Toenail trimming is an essential part of grooming as long nails can curl under and cause paw problems. You can trim the nails yourself, but it is important that this is done correctly with suitable clippers. If you are not familiar with the procedure, ask your veterinarian or a professional dog groomer for help.
Find the right trimmer
Never use human nail clippers. They compress the nail flat, causing pain and leaving a poorly angled cut. Instead select either one of the below
- Guillotine style: Recommended for smaller dogs, the nail is passed through a metal hoop at the end of the trimmer. As the handles close, a metal trimmer slides across the metal loop and trims the nail. You may find this squeeze-type closure easier to use than scissor-type handles. Just ensure that you change the blades frequently.
- Millers Forge trimmers: They look similar to scissors and their blades have semi-circular indentations. When the blades open, the semi-circles make a circular opening for the nail. Once in position, close the handles to trim the nail.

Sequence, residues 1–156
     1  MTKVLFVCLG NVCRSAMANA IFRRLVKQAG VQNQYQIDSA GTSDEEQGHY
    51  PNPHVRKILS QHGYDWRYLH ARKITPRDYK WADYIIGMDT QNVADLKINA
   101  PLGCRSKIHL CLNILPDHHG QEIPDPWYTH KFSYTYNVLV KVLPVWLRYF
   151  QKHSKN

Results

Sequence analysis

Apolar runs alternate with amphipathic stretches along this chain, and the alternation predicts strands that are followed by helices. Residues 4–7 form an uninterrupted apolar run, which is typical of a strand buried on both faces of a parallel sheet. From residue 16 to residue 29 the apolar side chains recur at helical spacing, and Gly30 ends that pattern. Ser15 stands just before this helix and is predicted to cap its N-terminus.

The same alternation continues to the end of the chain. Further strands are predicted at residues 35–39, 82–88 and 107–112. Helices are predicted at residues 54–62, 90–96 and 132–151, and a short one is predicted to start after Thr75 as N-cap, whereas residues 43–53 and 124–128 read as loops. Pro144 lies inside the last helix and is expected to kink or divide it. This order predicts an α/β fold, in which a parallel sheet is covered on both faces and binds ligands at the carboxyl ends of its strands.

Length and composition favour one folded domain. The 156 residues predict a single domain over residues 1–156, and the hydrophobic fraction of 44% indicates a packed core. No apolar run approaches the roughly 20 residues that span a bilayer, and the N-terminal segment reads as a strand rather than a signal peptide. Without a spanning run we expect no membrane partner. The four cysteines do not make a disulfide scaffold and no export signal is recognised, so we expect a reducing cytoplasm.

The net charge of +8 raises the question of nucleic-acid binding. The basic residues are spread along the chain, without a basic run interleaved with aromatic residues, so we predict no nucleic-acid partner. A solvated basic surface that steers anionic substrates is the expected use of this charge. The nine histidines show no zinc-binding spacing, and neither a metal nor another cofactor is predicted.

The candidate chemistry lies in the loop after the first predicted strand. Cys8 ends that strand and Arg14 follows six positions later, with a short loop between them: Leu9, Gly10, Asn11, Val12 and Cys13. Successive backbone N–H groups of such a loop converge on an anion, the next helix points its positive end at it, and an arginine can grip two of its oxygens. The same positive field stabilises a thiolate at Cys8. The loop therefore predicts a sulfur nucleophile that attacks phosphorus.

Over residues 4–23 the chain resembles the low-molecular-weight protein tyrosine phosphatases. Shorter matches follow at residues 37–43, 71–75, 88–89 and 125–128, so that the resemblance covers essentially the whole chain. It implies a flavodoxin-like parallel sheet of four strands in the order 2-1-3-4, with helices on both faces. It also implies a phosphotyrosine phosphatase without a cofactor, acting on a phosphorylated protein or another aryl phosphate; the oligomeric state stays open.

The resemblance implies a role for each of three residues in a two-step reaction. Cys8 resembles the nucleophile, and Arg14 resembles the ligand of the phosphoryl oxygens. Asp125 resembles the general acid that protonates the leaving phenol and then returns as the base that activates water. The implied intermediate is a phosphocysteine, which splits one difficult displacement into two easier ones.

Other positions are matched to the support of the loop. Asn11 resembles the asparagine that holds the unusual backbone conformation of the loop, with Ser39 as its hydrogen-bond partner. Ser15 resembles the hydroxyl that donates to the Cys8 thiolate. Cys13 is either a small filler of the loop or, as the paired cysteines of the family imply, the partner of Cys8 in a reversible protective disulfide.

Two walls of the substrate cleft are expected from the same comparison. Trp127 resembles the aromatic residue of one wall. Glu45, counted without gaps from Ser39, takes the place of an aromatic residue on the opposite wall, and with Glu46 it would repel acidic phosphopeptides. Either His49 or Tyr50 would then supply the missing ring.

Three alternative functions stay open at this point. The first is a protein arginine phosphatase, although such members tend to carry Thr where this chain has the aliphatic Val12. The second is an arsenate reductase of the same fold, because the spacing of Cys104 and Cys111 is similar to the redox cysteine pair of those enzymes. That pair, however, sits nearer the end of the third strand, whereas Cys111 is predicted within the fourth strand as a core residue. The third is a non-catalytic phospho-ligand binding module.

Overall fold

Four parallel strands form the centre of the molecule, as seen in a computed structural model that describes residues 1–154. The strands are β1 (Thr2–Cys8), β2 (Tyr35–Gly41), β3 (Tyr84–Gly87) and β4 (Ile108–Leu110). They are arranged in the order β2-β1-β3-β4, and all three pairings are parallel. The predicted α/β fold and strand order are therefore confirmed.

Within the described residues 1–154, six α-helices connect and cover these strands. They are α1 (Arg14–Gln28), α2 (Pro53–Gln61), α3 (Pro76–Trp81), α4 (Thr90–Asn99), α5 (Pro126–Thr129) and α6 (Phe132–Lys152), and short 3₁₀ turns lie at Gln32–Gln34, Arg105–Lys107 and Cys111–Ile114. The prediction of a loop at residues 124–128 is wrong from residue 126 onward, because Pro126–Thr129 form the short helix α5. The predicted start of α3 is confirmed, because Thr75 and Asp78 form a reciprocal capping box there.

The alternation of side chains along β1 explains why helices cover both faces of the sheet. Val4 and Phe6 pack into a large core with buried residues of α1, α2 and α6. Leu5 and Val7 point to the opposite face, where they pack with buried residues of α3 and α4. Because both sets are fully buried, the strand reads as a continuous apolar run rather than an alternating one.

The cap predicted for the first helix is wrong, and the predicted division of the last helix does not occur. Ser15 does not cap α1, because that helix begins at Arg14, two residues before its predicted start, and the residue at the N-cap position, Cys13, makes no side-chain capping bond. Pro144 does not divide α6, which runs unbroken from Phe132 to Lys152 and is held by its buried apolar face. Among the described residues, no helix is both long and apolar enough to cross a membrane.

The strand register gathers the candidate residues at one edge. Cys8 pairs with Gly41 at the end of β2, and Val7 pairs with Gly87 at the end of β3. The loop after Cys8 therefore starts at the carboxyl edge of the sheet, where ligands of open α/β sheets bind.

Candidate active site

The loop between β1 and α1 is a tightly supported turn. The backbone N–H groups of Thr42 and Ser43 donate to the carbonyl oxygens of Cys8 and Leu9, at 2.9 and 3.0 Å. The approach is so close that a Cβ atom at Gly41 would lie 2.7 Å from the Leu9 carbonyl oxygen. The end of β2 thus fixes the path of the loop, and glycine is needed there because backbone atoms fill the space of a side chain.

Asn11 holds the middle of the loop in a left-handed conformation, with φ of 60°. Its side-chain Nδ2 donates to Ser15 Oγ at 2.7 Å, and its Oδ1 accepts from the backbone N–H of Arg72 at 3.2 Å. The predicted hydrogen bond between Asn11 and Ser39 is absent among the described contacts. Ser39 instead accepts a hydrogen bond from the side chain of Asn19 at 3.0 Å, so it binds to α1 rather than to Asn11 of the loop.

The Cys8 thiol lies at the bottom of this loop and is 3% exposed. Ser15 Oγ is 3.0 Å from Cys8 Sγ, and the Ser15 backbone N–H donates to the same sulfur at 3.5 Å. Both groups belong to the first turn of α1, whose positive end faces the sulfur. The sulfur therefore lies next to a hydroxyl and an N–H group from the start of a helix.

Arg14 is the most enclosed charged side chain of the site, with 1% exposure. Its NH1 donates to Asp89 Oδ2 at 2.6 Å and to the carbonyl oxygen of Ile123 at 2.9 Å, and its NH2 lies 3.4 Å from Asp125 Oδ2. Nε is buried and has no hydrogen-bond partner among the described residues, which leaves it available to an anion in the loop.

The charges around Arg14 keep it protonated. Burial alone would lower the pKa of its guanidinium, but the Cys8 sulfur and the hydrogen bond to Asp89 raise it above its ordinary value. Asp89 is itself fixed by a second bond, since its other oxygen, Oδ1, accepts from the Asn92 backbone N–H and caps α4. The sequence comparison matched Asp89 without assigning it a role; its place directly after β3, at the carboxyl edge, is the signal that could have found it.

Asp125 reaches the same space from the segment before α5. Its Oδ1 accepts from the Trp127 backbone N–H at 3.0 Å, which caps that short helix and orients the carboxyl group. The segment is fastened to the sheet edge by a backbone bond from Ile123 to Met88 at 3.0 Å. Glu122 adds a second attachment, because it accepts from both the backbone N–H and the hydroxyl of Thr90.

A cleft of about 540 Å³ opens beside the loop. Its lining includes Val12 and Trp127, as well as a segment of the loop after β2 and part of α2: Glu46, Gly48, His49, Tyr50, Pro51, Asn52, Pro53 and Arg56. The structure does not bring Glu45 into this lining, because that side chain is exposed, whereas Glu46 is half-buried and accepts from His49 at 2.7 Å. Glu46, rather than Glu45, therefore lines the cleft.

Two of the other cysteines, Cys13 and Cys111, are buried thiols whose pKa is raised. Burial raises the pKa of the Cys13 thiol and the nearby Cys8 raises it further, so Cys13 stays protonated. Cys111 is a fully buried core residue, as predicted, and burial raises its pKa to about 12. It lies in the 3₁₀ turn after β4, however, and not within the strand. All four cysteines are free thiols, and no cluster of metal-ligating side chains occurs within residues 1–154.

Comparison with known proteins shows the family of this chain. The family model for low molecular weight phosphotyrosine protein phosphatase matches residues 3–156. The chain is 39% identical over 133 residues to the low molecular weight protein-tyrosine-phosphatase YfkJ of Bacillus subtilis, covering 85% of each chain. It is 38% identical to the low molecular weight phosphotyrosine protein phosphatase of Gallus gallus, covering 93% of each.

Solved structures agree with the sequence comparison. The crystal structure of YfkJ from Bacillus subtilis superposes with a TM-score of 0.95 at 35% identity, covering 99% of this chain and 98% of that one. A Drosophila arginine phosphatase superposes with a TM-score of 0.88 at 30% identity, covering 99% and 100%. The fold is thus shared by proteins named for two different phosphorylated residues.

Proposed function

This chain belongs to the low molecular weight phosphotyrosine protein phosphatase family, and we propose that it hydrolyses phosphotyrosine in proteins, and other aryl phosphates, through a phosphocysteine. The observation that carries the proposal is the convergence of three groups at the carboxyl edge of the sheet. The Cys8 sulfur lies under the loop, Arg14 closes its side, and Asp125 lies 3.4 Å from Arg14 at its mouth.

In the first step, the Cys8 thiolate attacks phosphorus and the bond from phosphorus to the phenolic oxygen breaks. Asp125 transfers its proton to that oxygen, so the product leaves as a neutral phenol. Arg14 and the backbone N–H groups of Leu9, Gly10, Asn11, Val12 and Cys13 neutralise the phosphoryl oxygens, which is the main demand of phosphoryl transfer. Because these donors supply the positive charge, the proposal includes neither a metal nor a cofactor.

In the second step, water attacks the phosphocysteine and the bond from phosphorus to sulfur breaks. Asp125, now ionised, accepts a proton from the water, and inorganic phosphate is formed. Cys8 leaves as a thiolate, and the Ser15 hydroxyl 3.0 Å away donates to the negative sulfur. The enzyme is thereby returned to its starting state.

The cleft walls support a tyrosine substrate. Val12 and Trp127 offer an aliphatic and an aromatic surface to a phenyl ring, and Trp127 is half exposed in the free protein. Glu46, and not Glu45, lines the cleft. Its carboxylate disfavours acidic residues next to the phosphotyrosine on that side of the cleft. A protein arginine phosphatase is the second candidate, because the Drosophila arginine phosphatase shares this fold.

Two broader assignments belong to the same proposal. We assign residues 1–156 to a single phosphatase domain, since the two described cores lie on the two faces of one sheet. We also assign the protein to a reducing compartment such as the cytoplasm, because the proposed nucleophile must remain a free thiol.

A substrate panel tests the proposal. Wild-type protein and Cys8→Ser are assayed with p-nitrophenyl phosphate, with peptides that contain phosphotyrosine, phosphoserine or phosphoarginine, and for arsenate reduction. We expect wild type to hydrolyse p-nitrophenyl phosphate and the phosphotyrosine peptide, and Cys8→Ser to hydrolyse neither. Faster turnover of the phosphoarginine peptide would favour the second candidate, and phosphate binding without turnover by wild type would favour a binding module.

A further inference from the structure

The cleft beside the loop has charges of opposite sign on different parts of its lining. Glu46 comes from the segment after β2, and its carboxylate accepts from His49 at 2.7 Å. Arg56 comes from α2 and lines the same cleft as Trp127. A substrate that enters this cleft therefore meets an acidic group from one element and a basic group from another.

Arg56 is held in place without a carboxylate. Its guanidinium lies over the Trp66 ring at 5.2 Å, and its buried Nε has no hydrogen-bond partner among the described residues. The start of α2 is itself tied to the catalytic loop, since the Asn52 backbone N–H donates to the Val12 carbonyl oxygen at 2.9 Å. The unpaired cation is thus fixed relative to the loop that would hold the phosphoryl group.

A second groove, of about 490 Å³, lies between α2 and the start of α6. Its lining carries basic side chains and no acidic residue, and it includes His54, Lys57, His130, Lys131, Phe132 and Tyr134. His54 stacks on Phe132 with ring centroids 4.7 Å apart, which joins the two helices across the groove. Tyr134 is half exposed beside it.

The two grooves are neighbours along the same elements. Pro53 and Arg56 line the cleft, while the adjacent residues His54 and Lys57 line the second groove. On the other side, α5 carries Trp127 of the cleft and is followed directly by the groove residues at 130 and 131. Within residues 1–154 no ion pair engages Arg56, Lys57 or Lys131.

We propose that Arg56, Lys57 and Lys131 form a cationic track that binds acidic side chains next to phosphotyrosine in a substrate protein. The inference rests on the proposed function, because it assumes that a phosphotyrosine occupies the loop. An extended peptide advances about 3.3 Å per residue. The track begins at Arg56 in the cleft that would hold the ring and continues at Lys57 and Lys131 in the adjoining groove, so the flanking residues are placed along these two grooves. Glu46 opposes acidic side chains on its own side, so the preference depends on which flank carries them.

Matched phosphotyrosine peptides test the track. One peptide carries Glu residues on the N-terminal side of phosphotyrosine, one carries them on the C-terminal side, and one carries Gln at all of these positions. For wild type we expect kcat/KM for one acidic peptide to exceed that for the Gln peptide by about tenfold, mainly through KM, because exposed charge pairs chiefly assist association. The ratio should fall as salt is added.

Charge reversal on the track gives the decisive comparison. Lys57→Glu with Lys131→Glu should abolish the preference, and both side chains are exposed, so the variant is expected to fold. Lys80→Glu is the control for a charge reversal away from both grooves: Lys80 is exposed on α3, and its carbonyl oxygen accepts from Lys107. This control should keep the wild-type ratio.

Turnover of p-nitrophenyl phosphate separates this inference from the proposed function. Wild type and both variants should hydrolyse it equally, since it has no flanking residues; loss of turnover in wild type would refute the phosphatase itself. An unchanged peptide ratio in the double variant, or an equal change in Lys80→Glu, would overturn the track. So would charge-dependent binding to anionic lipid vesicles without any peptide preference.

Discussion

Tips & Tricks
Dogs who are regularly exercised on hard surfaces are less likely to need any attention as their nails wear down to about the correct length. Here’s how you can make the process as painless as possible for you and your dog. Always try to make trimming fun and not a struggle. In time, your dog may grow to enjoy his/her pedicures.
- Start young! The earlier you start clipping your dog's nails, the better.
- Unsure how to start? Take help from your vet or a professional groomer.
- Avoid cutting into the ‘quick’ - the pink nail bed area seen in colourless nails.
- Clip toenails after a workout or vigorous play session - when your pet is tired.
- Try different positions. Some dogs are comfortable lying on their sides, while others prefer sitting up or standing.
- See what you are doing! Pull the hair aside or trim it away from the nails.